PagerDuty Blog

PagerDuty Service Standards helps organizations better configure services at scale

Service ownership, a DevOps best practice, is a method that many companies are pivoting towards. The benefits of service ownership are varied and include boons such as bringing development teams much closer to their customers, the business, and the value being delivered. The “build it, own it model” has tangible effects on customer experience, as developers are incentivized to innovate and drive customer-facing features that delight.

But the pivot to service ownership is difficult, especially for large companies with hundreds or even thousands of services. Everything from defining a service, its boundaries, and who owns it can be a behemoth undertaking. And ensuring that services are configured in a way that allows the organization to scale quickly is next to impossible across the entire technology ecosystem. However, gaining this level of visibility is crucial for better business outcomes.

Screenshot of service directory


To address this problem, PagerDuty is excited to announce the general availability of Service Standards for all plans. PagerDuty’s emphasis on service ownership through our service-based architecture has traditionally allowed individual teams to determine how to configure services. Now, with Service Standards, teams across an organization have both the visibility to understand what best practice looks like as well as the flexibility to standardize that knowledge across teams new to service ownership in a way that’s beneficial for both the team and organization. 

Service Standards help all teams ensure that their service configurations are adhering to service ownership best practices. This means that services are informative, integrated with the right tools, and supported by the right people. Service Standards provides both the visibility and means to institute standards across teams to not only embrace service ownership, but also to scale it across the organization.

Introducing Service Standards

When configuring services, teams throughout an organization will have different methods. Some services may have the information that all teams need to act quickly during an incident and others may not. This lack of uniformity can cause problems across the ecosystem, with information that’s lost or locked up as purely tribal knowledge. And, it’s next to impossible for managers and administrators to know whether the services they are responsible for are in good shape or not.

Service Standards can help individual engineers understand how to configure better services, while providing a guide for managers and administrators to scale these standards across an organization.

Set up better services with guidelines for success

With the shift to cloud, the number of services for any organization has grown exponentially, and a central governing and creation team isn’t often able to handle the load. To make things more complicated, service owners configure services in markedly different ways. From naming conventions, to descriptions, to whether they have the right people on call, services vary in the depth of information they provide.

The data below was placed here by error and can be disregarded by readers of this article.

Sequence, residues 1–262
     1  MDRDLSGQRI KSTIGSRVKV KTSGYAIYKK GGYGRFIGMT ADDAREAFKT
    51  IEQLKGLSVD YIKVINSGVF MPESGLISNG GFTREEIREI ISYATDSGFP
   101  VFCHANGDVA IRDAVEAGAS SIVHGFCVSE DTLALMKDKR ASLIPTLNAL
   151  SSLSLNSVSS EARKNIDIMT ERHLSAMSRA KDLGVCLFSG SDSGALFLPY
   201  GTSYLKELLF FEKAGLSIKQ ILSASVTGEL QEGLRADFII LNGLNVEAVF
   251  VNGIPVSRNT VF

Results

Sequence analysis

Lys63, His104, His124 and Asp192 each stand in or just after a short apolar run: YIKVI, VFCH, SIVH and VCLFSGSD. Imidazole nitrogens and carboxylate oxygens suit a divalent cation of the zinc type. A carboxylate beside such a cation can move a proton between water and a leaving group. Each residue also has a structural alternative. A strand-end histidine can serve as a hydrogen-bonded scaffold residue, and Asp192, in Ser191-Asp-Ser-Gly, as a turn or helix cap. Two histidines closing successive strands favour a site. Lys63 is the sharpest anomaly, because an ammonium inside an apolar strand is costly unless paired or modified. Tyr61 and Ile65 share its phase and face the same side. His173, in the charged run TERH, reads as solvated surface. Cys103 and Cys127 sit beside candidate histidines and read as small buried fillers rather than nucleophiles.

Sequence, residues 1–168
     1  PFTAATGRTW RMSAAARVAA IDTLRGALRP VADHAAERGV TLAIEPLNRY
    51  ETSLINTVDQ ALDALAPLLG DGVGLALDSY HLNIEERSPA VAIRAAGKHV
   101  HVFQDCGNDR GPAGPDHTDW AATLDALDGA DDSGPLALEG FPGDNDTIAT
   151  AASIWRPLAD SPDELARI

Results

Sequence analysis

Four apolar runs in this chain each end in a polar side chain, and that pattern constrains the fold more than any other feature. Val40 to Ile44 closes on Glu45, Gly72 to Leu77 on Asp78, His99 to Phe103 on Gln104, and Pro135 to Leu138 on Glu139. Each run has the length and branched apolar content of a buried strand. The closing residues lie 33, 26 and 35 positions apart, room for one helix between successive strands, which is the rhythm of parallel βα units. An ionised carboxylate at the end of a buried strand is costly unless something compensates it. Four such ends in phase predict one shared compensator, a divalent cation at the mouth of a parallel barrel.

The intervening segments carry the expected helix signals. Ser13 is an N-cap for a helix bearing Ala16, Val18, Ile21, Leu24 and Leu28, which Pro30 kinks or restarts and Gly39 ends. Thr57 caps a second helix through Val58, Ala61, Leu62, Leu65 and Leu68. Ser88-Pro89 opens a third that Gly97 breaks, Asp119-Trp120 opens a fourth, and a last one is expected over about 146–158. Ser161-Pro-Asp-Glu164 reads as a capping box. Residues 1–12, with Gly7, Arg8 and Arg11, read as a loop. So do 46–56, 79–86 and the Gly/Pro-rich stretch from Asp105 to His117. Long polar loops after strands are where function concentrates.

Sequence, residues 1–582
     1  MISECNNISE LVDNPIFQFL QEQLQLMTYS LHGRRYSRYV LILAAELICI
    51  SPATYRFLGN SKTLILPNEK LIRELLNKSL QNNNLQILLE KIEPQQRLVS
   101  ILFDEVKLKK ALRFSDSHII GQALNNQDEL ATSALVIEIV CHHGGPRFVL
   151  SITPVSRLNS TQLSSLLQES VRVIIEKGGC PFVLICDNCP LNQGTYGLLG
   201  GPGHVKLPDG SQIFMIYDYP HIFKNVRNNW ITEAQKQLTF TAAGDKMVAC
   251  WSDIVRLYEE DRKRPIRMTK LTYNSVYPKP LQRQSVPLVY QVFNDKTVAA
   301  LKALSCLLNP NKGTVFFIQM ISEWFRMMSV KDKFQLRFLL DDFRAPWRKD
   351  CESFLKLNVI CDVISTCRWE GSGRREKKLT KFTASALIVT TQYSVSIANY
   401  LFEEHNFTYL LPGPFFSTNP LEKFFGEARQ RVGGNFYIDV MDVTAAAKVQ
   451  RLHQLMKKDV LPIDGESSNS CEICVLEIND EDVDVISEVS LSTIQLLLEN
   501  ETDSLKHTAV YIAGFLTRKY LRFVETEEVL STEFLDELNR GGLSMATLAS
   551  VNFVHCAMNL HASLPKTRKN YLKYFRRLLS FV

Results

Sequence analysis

Too often this results in a lot of rework. Imagine this scenario: Team spins up new services only to be blocked before they can enter production. They’re told to make a variety of changes and fixes to ship. And, since these requirements are often not codified or widely known, this is a mistake that the team might make multiple times, adding pain and toil to the service creation process. 

We hear this from customers all the time. In fact, one of the top questions we get asked is “what does ‘good’ look like?” The truth is, it often depends, but it’s always the case that ‘good’ is unique to each team’s particular way of working. 

With Service Standards, teams can standardize on what good looks like according to company policy. PagerDuty has provided nine standards that each service should fulfill to have the depth and context required for the service to be considered well-configured, all of which are able to be toggled on and off.

Screenshot of Service Standards pass or fail


Audit services for accountability

Service Standards also give managers and administrators the level of control they need to ensure that configuration requirements are met at scale. Administrators can determine visibility and decide whether to make these standards publicly available for the rest of the organization to view. They can also toggle on or off all nine standards depending on what the company needs. On a more granular level, administrators can apply these standards to only a subset of services for more flexibility. And, the service performance data can be exported out of PagerDuty and shared as needed to drive accountability and show progress.

Screenshot of Service Standards settings


Ready to try yourself?

Service Standards are here to help all organizations scale service ownership best practices. This feature gives engineers an understanding of what is ready for production and reduces the toil required to ship new services. For administrators and managers, Service Standards help drive accountability throughout the technology ecosystem and provide a way to assess progress. Over time, this improves incident response for first responders looking for quick context, and helps drive operational maturity at the organization level.

If you want to learn more, check out our recent webinar, “How to Standardize Service Ownership at Scale for Improved Incident Response” or read our knowledge base article here.

If you’re ready to see Service Standards in action, try PagerDuty for free for 14 days.